I read The Hunger Games (and its two sequels) last summer, so I’m mostly finding something to write about while I continue my never-ending slog through Moriarty. That said, as the movie comes out next week, I did want to throw in my two cents about the book-to-screen transition.
In short: it’s kind of pointless arguing whether or not a movie was necessary. I have never read a book so dependent on visuals and a book for which a movie adaptation was almost mandatory. In some ways, this story would have worked a lot better if it had just been a movie pitch from the start. While author Suzanne Collins gives us some insight into Katniss’s thoughts and feelings, Katniss remains a fairly cold and mechanical character whose motivation doesn’t go too far beyond survival, heroism and basic human compassion.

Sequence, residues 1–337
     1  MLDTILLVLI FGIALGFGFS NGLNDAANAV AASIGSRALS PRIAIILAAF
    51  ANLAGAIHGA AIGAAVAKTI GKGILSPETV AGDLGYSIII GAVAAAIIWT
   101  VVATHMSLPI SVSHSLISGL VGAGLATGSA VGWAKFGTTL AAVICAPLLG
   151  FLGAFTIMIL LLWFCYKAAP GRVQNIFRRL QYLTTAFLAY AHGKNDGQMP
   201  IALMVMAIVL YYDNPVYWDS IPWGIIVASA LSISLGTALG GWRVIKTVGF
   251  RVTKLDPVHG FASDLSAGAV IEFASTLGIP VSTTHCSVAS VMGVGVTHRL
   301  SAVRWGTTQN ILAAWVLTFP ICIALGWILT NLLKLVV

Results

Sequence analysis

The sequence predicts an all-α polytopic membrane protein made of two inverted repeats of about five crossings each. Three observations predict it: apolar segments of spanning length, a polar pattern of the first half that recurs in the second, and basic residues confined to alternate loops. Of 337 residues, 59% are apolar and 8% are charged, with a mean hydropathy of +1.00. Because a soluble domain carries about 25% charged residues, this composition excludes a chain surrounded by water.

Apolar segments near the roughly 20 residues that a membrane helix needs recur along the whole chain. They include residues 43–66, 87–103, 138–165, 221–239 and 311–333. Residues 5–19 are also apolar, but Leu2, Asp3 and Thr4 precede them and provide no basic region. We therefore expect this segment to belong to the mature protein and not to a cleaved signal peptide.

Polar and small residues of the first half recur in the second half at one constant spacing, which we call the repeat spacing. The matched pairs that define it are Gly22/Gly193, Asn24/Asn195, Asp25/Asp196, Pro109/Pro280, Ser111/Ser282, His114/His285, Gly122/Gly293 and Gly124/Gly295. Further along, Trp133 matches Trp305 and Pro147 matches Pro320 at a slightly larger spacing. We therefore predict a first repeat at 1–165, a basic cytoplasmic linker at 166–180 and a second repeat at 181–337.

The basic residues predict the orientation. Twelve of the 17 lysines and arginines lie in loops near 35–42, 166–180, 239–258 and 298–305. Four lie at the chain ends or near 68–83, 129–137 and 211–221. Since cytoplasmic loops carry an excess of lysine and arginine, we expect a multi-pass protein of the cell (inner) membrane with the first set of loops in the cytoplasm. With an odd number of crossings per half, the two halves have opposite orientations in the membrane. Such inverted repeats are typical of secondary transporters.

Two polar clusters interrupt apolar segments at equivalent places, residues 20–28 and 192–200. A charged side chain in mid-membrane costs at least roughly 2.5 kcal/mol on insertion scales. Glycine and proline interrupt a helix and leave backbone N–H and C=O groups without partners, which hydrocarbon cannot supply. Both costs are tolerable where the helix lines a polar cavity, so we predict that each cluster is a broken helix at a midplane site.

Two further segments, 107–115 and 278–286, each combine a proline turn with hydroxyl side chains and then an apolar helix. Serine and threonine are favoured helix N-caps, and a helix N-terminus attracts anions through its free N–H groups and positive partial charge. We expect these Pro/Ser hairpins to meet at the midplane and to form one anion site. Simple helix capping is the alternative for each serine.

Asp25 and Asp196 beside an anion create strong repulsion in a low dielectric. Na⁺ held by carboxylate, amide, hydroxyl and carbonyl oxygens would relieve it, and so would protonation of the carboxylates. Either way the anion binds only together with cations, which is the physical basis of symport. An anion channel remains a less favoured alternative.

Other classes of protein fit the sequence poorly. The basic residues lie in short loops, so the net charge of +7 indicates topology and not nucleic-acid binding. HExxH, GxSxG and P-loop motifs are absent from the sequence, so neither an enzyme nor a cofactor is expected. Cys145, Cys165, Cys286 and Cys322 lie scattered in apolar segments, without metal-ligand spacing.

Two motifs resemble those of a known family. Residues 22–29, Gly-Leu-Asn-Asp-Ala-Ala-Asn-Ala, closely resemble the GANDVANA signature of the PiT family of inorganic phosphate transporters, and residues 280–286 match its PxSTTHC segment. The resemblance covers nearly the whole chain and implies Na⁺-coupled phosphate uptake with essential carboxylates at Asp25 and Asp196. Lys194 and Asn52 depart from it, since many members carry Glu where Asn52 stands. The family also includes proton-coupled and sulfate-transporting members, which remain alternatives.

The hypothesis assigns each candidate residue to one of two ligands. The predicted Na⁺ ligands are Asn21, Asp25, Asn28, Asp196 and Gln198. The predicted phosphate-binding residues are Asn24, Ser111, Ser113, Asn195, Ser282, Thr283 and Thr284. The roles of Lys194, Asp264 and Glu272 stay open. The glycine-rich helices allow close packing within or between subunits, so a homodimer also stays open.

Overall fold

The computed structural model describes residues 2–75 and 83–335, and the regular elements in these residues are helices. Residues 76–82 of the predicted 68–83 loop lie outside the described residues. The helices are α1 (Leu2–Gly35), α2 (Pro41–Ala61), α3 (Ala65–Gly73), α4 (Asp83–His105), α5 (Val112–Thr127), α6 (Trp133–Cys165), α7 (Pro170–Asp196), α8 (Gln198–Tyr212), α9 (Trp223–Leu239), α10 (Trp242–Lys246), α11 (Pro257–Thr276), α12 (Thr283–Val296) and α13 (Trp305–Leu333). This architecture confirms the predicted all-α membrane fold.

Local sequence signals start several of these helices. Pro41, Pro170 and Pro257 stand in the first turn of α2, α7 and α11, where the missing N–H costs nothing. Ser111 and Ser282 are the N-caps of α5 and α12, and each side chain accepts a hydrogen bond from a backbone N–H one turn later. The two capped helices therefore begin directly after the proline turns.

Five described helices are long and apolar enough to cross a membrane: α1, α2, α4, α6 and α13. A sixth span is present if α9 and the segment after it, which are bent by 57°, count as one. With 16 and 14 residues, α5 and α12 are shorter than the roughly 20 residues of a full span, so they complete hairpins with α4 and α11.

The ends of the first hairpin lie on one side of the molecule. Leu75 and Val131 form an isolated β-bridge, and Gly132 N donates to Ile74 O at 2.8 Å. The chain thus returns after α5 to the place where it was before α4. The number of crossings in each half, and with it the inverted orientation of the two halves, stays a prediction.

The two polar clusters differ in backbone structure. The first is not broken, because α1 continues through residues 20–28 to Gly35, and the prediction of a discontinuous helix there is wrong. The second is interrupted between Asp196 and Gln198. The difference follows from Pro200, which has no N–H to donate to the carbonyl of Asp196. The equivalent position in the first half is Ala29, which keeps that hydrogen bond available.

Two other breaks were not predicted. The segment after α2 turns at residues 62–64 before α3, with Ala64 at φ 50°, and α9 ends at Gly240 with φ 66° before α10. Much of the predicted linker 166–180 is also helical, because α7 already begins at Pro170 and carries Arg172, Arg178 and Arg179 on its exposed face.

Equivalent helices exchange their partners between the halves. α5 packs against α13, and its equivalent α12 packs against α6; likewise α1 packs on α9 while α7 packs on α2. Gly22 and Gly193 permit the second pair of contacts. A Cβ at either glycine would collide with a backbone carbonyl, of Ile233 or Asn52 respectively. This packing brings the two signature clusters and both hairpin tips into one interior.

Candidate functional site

Most of the book is a combination of described actions, from the reaping to the games and the aftermath, but what the book lacked, and what is vital to telling this story properly is audience reaction.
Because Collins chose to tell the story from Katniss’s point of view, the reader is left to imagine how Katniss’s family, friends and “fans” are reacting to her progress through the televised event. The book would have been a lot more powerful if we were able to switch between Katniss and Peeta’s strategic romance and Gale’s reaction, for instance. Or the reaction of Rue’s district when Katniss lays her to rest. From the trailer, it does look like this is something that the screenwriters have rectified, I’m pleased to see.
I didn’t love The Hunger Games, but I am — for the reasons mentioned above — very much looking forward to the movie. I’ll probably offer a real review next week.